Vijay Mallya seeking 'alternative route' to remain in the UK
Fugitive economic offender Vijay Mallya has reportedly appealed to the UK Home Secretary Priti Patel for an alternative route to remain in the UK and avoid extradition to India. The 65-year-old's counsel, Philip Marshal, who is representing him in bankruptcy proceedings in the High Court of London, admitted during a remote hearing that Mallya applied for another route—likely a reference to asylum. Here's more.
To recall, Mallya's legal challenge to the extradition request by the Indian Government was rejected last year at the Supreme Court level in the UK. And, he will remain on bail in Britain until Home Secretary Patel signs an order for Mallya to be extradited to India to face fraud and money laundering charges in connection to the now-defunct Kingfisher Airlines.
The UK Home Office has even reportedly confirmed on the background that a "confidential legal process" is underway before Mallya's extradition order can be executed. Following this development, widespread speculation was triggered that the fugitive billionaire had sought asylum in the UK. Interestingly, the Home Office in Britain neither confirmed nor denied the details of the same.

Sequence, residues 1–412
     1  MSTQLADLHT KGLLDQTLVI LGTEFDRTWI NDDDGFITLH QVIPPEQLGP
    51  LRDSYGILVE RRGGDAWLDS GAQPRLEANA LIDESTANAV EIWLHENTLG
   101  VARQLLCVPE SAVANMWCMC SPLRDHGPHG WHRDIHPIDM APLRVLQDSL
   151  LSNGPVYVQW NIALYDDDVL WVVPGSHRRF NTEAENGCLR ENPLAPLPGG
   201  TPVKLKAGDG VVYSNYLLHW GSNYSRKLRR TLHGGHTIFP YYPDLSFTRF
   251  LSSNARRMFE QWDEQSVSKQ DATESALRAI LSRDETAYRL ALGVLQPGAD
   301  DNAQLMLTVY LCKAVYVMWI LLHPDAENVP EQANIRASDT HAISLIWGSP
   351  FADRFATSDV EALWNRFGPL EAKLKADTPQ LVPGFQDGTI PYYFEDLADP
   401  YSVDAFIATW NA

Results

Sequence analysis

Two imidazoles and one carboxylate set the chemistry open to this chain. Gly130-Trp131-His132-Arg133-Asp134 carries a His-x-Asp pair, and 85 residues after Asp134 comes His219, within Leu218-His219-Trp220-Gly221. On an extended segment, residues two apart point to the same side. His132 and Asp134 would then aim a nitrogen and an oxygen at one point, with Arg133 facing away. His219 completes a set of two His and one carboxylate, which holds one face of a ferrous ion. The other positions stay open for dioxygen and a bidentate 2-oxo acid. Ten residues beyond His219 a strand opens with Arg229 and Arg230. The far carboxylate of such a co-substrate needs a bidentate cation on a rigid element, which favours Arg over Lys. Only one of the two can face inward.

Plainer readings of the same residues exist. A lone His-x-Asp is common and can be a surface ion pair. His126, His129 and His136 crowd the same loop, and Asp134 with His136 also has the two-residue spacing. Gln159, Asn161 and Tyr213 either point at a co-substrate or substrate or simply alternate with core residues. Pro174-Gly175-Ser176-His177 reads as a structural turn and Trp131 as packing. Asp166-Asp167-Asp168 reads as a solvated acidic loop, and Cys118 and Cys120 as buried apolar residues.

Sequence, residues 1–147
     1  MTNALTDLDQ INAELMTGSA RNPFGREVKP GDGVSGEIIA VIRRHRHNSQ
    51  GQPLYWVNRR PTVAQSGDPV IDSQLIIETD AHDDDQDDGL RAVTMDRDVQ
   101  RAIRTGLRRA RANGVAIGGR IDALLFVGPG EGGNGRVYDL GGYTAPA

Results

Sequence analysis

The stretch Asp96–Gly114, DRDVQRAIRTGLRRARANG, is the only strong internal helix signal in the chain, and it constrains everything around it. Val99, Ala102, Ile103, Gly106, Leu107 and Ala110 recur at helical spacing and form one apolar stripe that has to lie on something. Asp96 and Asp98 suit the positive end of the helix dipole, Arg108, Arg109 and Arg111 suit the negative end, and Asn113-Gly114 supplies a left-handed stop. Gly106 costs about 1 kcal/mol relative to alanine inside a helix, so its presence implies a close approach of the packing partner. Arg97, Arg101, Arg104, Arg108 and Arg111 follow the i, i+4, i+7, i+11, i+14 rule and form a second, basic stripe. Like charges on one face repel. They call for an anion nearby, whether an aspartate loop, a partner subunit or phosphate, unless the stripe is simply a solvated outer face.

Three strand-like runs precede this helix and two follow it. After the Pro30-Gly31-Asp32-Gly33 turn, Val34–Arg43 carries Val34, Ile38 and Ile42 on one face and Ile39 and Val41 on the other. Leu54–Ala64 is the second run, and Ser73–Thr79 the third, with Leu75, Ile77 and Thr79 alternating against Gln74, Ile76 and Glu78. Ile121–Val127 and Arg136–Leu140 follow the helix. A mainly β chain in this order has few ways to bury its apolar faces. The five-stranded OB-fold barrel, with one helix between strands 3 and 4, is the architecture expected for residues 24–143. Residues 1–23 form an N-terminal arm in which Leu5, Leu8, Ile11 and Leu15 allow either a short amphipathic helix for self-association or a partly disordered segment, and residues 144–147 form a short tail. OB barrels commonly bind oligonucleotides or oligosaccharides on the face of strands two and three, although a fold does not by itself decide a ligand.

"The extradition was upheld but he (Mallya) is still here...there is another route for him to apply to the Secretary of State for status," Marshall told the judge during a remote hearing on Friday when asked about the extradition proceedings' status. He was likely referring to asylum, which experts say, would depend on whether Mallya applied for asylum before India's extradition request or after.
UK-based extradition specialist Toby Cadman, the co-founder of Guernica 37 International Justice Chambers, said, "He (Mallya) would need to argue much stronger grounds." "There are specific rules that detail when asylum is a bar to extradition, it is clear that claiming asylum after all appeals have been exhausted is unlikely to be considered a valid claim to asylum protection," he explained.
The remote hearing in the commercial division of High Court in London was held to establish if funds from the sale of Mallya's French luxury property, Le Grand Jardin, can be sanctioned for his living expenses and legal fees. The money is with the UK's Court Funds Office as part of bankruptcy proceedings initiated by the State Bank of India-led consortium of Indian banks.
Meanwhile Mallya's legal team argues the court should sanction required funds to Mallya, allowing him to cover the mounting legal expenses in the UK and India. However, the lawyers representing the Indian banks have challenged this request, saying it would "dissipate" the funds Mallya owes to his creditors toward "speculative and unreasonable costs" even while other sources of funds remain available to him.